A Family Business

It might seem strange, these days, to describe medicine as a "family business", but in Victorian times, passing the practice from father to son was frequently the way medicine was done, much as you will see in many other businesses to this day.

Because Lionel left us his biography and we have the supporting information from his father's and his son's careers and photograph albums, we can follow this family connection from father to son down the generations. We can set Lionel's and the whole Stretton family achievements in a background of a stable, supportive and successful family in Worcestershire.

Even before Lionel's career, Samuel Stretton had married the daughter of the well-respected Leicester surgeon, William Birch. When he started work at 27, Church street in 1882, it was his sister who “came to keep house for me”. Later in his life, from 1904 to 1915, he was supported by his daughter, Rosa (Daisy) who qualified as a pharmacist and managed the dispensary until she married and moved away.

Relationship with his Father

Lionel’s relationship with his father was extremely close. At a number of critical points in both their lives, they came to each other’s rescue, as when Samuel rushed to his sick son in London and when Lionel made the career changing decision to give up his London career and return to Kidderminster. Samuel’s death in 1920 seems to have been one of the only occasions when Lionel struggled to find a point in working and continuing his career.

It also seems that Lionel inherited his lifetime's dedication to improving the lot of the poor and to improving hospital and nursing conditions from his father.

Samuel Stretton, Lionel's father

Lionel's Apprenticeship

Until the creation of the General Medical Council in 1858, the system of educating new doctors and surgeons was largely determined by the Society of Apothecaries and the Royal College of Surgeons. Students typically began their practice as apprentices to local physicians. Even after 1858, the development of a set syllabus and the growth of the major teaching schools, mainly in London, was gradual.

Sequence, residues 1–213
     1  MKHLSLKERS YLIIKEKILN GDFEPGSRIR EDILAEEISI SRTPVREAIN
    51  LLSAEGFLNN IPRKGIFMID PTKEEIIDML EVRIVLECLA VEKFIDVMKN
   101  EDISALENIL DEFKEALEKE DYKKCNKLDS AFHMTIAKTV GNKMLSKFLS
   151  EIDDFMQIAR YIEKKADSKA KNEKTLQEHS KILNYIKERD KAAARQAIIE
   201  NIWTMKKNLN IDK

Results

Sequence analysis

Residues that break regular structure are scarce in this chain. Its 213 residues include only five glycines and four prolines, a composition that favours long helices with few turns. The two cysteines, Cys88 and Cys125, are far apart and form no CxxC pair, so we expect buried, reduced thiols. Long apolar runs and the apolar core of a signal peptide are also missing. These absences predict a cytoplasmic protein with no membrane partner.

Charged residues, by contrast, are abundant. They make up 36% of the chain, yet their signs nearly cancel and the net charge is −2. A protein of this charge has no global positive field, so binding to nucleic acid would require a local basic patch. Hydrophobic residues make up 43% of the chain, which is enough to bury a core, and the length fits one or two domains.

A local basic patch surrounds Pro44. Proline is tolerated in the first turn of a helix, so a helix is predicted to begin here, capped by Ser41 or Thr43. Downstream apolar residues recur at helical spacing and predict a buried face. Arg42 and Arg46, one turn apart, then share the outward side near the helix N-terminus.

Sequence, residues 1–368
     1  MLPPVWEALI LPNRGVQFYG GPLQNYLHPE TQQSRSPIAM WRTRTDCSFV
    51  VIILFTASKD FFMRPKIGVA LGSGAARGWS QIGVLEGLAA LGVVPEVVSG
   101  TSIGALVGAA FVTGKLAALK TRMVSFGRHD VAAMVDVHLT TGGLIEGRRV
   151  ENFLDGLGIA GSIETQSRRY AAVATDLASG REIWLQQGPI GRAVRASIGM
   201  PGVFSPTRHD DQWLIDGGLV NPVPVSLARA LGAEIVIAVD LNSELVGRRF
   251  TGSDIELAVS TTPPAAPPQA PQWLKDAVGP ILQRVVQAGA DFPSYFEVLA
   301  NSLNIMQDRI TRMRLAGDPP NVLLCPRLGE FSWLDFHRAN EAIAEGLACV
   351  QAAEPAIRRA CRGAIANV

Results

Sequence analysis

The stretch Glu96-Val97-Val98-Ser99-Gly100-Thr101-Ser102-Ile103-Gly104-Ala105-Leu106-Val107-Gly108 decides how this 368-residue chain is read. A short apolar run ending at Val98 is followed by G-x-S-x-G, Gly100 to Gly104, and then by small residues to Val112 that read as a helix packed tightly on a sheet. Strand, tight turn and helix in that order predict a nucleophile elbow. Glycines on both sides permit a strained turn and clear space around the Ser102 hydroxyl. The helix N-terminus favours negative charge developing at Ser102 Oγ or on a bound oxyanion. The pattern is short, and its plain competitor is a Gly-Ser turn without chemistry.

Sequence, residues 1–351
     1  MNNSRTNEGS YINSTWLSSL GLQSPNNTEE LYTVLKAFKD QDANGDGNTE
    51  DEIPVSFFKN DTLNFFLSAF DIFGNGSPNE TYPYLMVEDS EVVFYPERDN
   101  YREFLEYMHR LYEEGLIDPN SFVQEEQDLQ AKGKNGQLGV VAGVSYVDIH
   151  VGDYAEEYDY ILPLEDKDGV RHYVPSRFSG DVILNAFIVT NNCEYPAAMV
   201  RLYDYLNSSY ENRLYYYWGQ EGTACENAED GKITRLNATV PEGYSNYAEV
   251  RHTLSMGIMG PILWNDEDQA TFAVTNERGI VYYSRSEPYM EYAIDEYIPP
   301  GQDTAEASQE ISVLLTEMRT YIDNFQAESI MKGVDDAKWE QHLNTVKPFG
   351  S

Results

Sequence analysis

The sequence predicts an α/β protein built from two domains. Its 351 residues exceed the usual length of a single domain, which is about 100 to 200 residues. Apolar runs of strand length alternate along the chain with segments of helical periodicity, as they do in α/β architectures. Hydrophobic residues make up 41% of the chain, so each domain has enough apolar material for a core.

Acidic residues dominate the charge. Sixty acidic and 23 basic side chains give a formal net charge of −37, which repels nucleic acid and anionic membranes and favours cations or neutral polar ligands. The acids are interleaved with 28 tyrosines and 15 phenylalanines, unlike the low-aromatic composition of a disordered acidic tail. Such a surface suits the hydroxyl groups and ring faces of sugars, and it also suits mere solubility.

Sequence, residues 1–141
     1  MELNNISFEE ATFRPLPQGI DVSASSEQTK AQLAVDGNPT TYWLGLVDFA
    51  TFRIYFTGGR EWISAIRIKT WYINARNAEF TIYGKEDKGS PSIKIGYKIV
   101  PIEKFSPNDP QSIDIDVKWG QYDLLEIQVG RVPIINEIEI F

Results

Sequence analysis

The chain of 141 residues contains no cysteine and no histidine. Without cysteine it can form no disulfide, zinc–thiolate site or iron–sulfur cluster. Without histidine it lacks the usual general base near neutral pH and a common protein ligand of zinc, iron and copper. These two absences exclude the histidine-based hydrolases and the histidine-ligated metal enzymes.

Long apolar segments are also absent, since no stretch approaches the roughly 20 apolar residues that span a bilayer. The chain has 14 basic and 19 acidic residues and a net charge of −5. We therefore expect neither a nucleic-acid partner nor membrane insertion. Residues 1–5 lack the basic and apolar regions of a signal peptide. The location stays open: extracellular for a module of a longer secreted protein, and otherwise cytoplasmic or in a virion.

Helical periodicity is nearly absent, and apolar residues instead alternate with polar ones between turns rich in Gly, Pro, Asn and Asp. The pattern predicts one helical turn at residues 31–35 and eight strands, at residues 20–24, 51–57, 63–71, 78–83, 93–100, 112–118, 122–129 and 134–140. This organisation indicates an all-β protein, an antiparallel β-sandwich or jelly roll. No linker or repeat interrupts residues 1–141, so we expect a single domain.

Even though Lionel's apprenticeship was at the latter end of that scheme, it was not untypical. He was able to start his qualifications as a surgeon in 1877 by passing the preliminary examination at the Royal College of Surgeons in Birmingham in March 1877.

Lionel told a number of anecdotes about apprenticeship which you can find in the anecdotes section of the site, but it is telling that he considered that it was the main thing that allowed him to compete with the “University Men” at Bart’s because of the practical experience it gave him.

Although this method of training might seem anachronistic today, Lionel attributed a lot of his success to the training it gave him and remained a supporter of the system throughout his life.

"Under the system of apprenticeship, by the time a young man had finished his apprenticeship, he was able to open abscesses, extract teeth, perform other minor operations, and use a thermometer and a stethoscope with more or less accuracy. He had intimate acquaintance with all minor ailments and a more superficial one with more serious complaints. He had also learned how to deal with patients, using tact and discrimination."

Read More About Lionel's Life

John Weston Stretton, Lionel's Son

Medical Continuity - Lionel's Son, John Weston Stretton

The family connection that was passed on from Lionel to John Weston Stretton was evidence of changing times. The work of a doctor in the 1920s and 1930s had changed out of all recognition. John Weston Stretton was the most qualified of the "three generations of Strettons". Unlike his father and grandfather before him, he specialised in surgery. The many advances that had occurred during the lifetime of his two predecessors made it much more difficult to pursue a career in general practice, hospital finance and administration and in surgery in the same way as his predecessors had done. Management of local health services was becoming a specialisation in its own right. This development would only have grown even if healthcare had continued as before. But the founding of the National Health Service after the Second World War changed the whole way in which medicine was practised throughout Britain to such an extent that it is now impossible to imagine any medical practice being run as a family business in the way the Stretton family had done.